Nigeria’s debt challenge has for a long time been self-inflicted, especially with the level of borrowing in the last eight years. In this report; BENJAMIN UMUTEME examines the implications of the mounting debt.
Over the years, Nigeria has been groaning under the yoke of debt that continues to grow bigger with each passing year. Thus, the government was forced to borrow in order to meet up with its obligation to the citizenry as well as service such loans and existing loans.
This is as some analysts have said that Nigeria was gradually slipping into solvency especially with the level of borrowing taking into consideration that generated revenue had reduced considerably.
With oil theft and pipeline vandalism taking its toll on oil production, the mainstay of the country’s economy, the government has been forced into seeking funds from both local and foreign sources.
Rising global oil prices are not helping foreign exchange flow into the country amid widespread oil theft coupled with a broader decline in foreign direct investment, both trends putting pressure on the naira.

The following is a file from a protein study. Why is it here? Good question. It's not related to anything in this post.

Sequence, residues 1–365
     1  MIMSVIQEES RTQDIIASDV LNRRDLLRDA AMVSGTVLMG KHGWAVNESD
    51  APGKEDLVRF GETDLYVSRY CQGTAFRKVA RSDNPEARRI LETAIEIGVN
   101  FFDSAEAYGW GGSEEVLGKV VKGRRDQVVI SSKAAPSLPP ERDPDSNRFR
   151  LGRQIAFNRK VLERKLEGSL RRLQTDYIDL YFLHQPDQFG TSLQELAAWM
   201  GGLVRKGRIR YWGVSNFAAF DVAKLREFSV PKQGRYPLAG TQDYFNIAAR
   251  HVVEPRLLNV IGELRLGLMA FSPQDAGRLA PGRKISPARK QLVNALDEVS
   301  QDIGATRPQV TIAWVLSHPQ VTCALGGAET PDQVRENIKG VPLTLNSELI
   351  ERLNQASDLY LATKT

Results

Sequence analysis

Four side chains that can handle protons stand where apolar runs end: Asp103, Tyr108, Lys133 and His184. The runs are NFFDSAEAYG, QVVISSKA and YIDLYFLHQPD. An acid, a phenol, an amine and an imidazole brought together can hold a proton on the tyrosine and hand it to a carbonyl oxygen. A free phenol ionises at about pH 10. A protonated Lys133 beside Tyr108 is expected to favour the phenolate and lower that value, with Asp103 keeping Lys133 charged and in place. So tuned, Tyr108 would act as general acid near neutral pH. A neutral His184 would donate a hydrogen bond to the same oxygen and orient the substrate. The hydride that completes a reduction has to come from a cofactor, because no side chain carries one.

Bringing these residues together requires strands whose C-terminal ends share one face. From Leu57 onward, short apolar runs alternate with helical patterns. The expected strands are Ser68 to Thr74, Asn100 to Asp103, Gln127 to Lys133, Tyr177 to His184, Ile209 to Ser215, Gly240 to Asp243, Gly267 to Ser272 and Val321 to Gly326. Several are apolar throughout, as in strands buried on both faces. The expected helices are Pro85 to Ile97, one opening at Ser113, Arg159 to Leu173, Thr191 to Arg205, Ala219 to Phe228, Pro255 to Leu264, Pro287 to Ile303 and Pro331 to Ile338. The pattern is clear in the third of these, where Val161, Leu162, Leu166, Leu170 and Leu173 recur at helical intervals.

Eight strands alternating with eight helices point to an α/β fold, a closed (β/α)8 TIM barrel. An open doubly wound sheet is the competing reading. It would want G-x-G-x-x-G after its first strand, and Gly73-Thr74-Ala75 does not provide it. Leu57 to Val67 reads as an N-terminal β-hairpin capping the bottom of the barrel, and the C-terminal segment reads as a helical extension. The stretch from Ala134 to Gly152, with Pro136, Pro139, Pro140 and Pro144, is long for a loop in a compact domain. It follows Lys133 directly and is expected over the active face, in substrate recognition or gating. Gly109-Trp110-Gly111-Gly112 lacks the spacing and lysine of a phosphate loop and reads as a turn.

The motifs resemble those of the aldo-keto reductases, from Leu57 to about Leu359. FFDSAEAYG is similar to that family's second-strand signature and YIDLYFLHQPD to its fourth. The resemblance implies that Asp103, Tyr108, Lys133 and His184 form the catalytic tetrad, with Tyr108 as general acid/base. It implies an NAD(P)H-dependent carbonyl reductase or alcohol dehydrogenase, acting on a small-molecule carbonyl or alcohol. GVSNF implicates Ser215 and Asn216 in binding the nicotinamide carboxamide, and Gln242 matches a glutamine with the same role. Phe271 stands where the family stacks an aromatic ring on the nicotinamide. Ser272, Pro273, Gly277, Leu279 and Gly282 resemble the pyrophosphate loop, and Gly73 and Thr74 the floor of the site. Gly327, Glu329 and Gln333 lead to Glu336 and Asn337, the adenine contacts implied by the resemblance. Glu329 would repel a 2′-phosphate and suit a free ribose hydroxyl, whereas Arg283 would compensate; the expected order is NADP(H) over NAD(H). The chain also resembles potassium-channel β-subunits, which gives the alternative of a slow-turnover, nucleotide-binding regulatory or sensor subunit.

Among other dangers threatening the very foundation of the Nigerian state is the government’s increasing reliance on internal and external borrowing to finance its operations.
Various international organisations, private entities, senior government officials, and former government functionaries have decried the Buhari administration’s appetite for borrowing, and warned about the risk to the Nigerian State of allowing the situation to get out of hand.
The International Monetary Fund (IMF), projected that the Nigerian government may spend nearly 100 per cent of its revenue on debt servicing by 2026; while the World Bank warned that though Nigeria’s debt may seem sustainable, it is vulnerable and costly.
On its part, the Nigerian Economic Summit Group (NESG), also warned that the way the Buhari administration was going, it would create a debt burden for future governments. All this did not to assuage the administration’s penchant for borrowing.